Presentation is loading. Please wait.

Presentation is loading. Please wait.

Physics 2113 Lecture: 06 WED 01 OCT Capacitance II Physics 2113 Jonathan Dowling.

Similar presentations


Presentation on theme: "Physics 2113 Lecture: 06 WED 01 OCT Capacitance II Physics 2113 Jonathan Dowling."— Presentation transcript:

1 Physics 2113 Lecture: 06 WED 01 OCT Capacitance II Physics 2113 Jonathan Dowling

2 Capacitors in Parallel: V=Constant An ISOLATED wire is an equipotential surface: V=Constant Capacitors in parallel have SAME potential difference but NOT ALWAYS same charge! V AB = V CD = V Q total = Q 1 + Q 2 C eq V = C 1 V + C 2 V C eq = C 1 + C 2 Equivalent parallel capacitance = sum of capacitances AB C D C1C1 C2C2 Q1Q1 Q2Q2 C eq Q total V = V AB = V A –V B V = V CD = V C –V D VAVA VBVB VCVC VDVD ΔV=V PAR-V (Parallel: V the Same)

3 Capacitors in Series: Q=Constant Q 1 = Q 2 = Q = Constant V AC = V AB + V BC A BC C1C1 C2C2 Q1Q1 Q2Q2 C eq Q = Q 1 = Q 2 SERIES: Q is same for all capacitors Total potential difference = sum of V Isolated Wire: Q=Q 1 =Q 2 =Constant SERI-Q: Series Q the Same

4 Capacitors in Parallel and in Series In series : 1/C ser = 1/C 1 + 1/C 2 V ser = V 1 + V 2 Q ser = Q 1 = Q 2 C1C1 C2C2 Q1Q1 Q2Q2 C1C1 C2C2 Q1Q1 Q2Q2 In parallel : C par = C 1 + C 2 V par = V 1 = V 2 Q par = Q 1 + Q 2 C eq Q eq

5 Example: Parallel or Series? What is the charge on each capacitor? C 1 =10  F C 3 =30  F C 2 =20  F 120V Q i = C i V V = 120V on ALL Capacitors (PAR-V) Q 1 = (10  F)(120V) = 1200  C Q 2 = (20  F)(120V) = 2400  C Q 3 = (30  F)(120V) = 3600  C Note that: Total charge (7200  C) is shared between the 3 capacitors in the ratio C 1 :C 2 :C 3 — i.e. 1:2:3 Parallel: Circuit Splits Cleanly in Two (Constant V)

6 Example: Parallel or Series What is the potential difference across each capacitor? C 1 =10  F C 3 =30  F C 2 = 20  F 120V Q = C ser V Q is same for all capacitors (SERI-Q) Combined C ser is given by: C eq = 5.46  F (solve above equation) Q = C eq V = (5.46  F)(120V) = 655  C V 1 = Q/C 1 = (655  C)/(10  F) = 65.5 V V 2 = Q/C 2 = (655  C)/(20  F) = V V 3 = Q/C 3 = (655  C)/(30  F) = 21.8 V Note: 120V is shared in the ratio of INVERSE capacitances i.e. (1):(1/2):(1/3) (largest C gets smallest V) Series: Isolated Islands (Constant Q)

7 Example: Series or Parallel? In the circuit shown, what is the charge on the 10  F capacitor? 10  F 10V 10  F 5F5F 5F5F 10V The two 5  F capacitors are in parallel Replace by 10  F Then, we have two 10  F capacitors in series So, there is 5V across the 10  F capacitor of interest by symmetry Hence, Q = (10  F )(5V) = 50  C Neither: Circuit Compilation Needed!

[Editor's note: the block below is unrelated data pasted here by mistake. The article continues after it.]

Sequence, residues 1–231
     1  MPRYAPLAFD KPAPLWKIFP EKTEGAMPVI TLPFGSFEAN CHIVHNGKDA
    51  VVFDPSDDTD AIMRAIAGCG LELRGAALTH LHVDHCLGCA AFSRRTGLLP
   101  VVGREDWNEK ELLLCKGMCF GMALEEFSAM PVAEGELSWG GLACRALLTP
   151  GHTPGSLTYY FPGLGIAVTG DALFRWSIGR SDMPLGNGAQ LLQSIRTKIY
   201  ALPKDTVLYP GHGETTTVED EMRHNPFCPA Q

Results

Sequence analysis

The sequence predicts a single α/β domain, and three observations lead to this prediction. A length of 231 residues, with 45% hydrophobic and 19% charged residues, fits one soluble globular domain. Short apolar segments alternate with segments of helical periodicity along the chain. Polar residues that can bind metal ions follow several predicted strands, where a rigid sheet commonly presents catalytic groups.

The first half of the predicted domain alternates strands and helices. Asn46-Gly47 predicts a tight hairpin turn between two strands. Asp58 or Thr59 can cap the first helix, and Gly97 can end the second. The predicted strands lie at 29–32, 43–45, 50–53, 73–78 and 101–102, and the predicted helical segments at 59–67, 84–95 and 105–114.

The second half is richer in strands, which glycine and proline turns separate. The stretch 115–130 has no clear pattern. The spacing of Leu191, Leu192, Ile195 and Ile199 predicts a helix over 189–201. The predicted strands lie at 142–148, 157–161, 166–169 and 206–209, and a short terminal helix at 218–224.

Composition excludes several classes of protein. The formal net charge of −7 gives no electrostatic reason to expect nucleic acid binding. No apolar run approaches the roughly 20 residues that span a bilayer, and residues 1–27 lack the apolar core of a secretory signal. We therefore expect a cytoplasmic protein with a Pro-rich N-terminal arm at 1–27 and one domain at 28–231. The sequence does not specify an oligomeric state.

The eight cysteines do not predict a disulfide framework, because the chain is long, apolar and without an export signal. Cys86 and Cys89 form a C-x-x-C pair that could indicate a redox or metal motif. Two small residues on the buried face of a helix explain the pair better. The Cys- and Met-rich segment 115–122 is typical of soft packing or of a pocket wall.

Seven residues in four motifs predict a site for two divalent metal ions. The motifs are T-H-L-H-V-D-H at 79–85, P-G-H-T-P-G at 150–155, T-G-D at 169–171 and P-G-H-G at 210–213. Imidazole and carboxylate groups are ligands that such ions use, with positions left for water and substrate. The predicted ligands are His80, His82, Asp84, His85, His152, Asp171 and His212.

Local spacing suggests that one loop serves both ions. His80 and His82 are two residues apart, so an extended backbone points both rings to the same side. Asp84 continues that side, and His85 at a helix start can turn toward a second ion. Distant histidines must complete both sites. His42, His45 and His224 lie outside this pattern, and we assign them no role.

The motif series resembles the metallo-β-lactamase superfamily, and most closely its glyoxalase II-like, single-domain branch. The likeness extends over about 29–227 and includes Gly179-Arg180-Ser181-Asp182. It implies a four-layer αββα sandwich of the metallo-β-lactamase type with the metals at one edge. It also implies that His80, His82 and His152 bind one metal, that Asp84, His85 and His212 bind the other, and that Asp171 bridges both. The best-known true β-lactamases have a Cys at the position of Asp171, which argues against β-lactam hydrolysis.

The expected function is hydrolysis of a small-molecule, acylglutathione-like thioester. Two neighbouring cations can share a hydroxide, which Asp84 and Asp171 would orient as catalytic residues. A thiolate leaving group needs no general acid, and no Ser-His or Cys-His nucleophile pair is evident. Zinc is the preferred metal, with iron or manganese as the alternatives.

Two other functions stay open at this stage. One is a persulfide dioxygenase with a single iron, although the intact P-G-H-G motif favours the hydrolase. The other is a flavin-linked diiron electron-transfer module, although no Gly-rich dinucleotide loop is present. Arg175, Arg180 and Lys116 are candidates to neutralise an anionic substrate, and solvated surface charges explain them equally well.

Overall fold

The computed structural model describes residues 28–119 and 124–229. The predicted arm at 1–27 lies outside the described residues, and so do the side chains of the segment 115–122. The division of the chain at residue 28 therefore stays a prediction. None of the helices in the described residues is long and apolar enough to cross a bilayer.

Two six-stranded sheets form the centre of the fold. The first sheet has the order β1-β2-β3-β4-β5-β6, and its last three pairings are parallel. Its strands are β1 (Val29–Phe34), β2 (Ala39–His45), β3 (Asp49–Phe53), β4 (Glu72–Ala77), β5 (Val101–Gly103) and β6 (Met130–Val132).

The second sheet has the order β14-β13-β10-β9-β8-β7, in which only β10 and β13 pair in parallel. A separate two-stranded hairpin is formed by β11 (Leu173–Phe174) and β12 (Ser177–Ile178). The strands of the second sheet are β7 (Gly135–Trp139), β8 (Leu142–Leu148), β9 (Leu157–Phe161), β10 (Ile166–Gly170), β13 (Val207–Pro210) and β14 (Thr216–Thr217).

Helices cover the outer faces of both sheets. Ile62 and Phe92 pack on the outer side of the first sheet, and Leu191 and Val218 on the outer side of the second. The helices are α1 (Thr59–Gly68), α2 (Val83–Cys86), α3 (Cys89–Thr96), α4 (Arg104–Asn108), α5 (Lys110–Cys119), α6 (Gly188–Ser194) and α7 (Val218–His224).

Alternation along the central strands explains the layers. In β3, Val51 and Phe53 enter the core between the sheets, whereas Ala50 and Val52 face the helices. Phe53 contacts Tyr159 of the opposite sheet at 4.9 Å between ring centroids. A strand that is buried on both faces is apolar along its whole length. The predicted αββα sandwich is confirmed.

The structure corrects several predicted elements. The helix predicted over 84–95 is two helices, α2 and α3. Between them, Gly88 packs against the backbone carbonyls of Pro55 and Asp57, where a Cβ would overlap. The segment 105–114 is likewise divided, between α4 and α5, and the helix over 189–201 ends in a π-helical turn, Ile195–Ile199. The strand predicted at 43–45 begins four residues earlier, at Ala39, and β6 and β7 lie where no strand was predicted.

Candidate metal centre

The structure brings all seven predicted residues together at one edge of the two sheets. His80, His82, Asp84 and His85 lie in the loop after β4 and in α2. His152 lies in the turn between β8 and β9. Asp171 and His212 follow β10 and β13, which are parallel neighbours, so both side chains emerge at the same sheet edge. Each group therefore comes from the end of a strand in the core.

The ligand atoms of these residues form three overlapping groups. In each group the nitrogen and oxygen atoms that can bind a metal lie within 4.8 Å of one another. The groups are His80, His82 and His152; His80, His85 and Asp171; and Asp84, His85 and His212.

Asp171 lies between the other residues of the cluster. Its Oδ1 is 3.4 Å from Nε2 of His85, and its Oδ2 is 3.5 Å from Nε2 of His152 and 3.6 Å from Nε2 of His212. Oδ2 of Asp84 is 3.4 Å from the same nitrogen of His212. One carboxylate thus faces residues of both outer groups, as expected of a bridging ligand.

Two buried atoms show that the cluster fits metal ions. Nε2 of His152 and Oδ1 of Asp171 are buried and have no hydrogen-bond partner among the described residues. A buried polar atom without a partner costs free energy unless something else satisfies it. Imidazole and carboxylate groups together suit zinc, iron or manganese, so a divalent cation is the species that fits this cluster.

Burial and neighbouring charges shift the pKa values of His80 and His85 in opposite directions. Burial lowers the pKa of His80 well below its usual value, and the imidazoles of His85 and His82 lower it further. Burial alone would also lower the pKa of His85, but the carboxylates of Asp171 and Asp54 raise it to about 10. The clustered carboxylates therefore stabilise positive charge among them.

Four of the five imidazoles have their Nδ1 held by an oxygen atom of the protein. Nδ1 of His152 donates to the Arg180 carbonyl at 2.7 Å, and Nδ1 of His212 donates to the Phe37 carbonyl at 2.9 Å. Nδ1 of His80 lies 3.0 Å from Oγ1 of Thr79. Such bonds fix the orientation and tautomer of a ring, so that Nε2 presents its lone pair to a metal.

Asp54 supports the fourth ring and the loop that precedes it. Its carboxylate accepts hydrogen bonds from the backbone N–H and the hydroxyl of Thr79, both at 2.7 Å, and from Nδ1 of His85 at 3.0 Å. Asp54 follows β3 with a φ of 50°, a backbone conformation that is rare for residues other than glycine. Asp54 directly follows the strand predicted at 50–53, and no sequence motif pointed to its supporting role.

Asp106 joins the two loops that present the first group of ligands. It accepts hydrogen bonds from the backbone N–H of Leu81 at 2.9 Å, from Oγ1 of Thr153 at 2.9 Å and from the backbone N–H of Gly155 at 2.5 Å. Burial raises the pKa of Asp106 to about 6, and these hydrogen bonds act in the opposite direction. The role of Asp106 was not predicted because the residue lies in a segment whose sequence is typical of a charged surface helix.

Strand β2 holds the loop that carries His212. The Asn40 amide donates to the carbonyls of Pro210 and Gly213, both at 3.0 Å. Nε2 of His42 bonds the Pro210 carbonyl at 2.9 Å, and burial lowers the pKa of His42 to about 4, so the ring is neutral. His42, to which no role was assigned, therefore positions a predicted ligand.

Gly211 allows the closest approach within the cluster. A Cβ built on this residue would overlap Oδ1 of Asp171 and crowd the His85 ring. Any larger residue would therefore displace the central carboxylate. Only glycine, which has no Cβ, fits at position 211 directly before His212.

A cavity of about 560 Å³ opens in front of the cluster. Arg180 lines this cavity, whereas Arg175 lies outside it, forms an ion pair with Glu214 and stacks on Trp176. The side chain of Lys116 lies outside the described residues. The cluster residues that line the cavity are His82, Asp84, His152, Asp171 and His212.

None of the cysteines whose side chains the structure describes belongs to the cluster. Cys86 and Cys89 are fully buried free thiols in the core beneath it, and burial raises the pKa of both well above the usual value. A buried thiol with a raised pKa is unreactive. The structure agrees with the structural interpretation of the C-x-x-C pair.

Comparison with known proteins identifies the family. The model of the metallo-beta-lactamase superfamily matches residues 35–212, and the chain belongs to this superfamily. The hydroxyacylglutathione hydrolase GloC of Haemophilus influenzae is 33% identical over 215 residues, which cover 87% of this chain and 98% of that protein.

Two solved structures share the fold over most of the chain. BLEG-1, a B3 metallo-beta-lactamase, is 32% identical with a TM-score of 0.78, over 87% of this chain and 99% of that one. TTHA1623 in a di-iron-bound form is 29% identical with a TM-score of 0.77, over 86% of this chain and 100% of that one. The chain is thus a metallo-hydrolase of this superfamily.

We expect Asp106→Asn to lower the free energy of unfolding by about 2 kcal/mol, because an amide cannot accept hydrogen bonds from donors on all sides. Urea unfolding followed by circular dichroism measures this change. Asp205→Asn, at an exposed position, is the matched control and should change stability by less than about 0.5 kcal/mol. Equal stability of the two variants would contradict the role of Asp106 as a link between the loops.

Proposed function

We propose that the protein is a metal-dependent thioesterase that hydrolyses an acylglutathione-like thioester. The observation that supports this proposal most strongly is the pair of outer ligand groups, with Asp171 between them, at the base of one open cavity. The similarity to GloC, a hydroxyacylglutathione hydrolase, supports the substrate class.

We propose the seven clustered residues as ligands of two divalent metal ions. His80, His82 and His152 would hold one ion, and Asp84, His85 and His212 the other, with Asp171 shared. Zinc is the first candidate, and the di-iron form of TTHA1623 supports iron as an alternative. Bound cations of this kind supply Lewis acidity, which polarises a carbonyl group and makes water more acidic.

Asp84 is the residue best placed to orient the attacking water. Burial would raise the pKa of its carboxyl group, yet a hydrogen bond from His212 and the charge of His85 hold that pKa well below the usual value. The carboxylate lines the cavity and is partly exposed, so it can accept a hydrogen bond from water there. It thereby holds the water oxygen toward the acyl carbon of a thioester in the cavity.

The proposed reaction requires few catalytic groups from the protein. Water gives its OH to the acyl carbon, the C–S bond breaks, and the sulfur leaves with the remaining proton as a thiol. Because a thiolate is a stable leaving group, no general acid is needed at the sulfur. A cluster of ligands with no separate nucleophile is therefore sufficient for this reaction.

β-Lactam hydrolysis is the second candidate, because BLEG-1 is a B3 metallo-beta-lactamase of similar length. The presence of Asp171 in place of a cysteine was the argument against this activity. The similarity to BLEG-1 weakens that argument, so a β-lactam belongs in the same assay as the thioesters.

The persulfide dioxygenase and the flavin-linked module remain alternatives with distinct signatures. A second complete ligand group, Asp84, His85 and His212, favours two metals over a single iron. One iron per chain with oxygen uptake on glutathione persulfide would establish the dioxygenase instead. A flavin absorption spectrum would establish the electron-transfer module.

8

9

10 Energy U Stored in a Capacitor Start out with uncharged capacitor Transfer small amount of charge dq from one plate to the other until charge on each plate has magnitude Q How much work was needed? dq

11 Energy Stored in Electric Field of Capacitor Energy stored in capacitor: U = Q 2 /(2C) = CV 2 /2 View the energy as stored in ELECTRIC FIELD For example, parallel plate capacitor: Energy DENSITY = energy/volume = u = volume = Ad General expression for any region with vacuum (or air)

12 Dielectric Constant If the space between capacitor plates is filled by a dielectric, the capacitance INCREASES by a factor  This is a useful, working definition for dielectric constant. Typical values of  are 10–200 +Q –Q DIELECTRIC C =   A/d The  and the constant  o are both called dielectric constants. The  has no units (dimensionless). The  and the constant  o are both called dielectric constants. The  has no units (dimensionless).

13 Atomic View E mol E cap Molecules set up counter E field E mol that somewhat cancels out capacitor field E cap. This avoids sparking (dielectric breakdown) by keeping field inside dielectric small. Hence the bigger the dielectric constant the more charge you can store on the capacitor.

14 Example Capacitor has charge Q, voltage V Battery remains connected while dielectric slab is inserted. Do the following increase, decrease or stay the same: –Potential difference? –Capacitance? –Charge? –Electric field? dielectric slab

15 Example Initial values: capacitance = C; charge = Q; potential difference = V; electric field = E; Battery remains connected V is FIXED; V new = V (same) C new =  C (increases) Q new = (  C)V =  Q (increases). Since V new = V, E new = V/d=E (same) dielectric slab Energy stored? u=  0 E 2 /2 => u=  0 E 2 /2 =  E 2 /2

16 Summary Any two charged conductors form a capacitor. Capacitance : C= Q/V Simple Capacitors: Parallel plates: C =  0 A/d Spherical : C = 4   0 ab/(b-a) Cylindrical: C = 2   0 L/ln(b/a) Capacitors in series: same charge, not necessarily equal potential; equivalent capacitance 1/C eq =1/C 1 +1/C 2 +… Capacitors in parallel: same potential; not necessarily same charge; equivalent capacitance C eq =C 1 +C 2 +… Energy in a capacitor: U=Q 2 /2C=CV 2 /2; energy density u=  0 E 2 /2 Capacitor with a dielectric: capacitance increases C’=κC


Download ppt "Physics 2113 Lecture: 06 WED 01 OCT Capacitance II Physics 2113 Jonathan Dowling."

Similar presentations


Ads by Google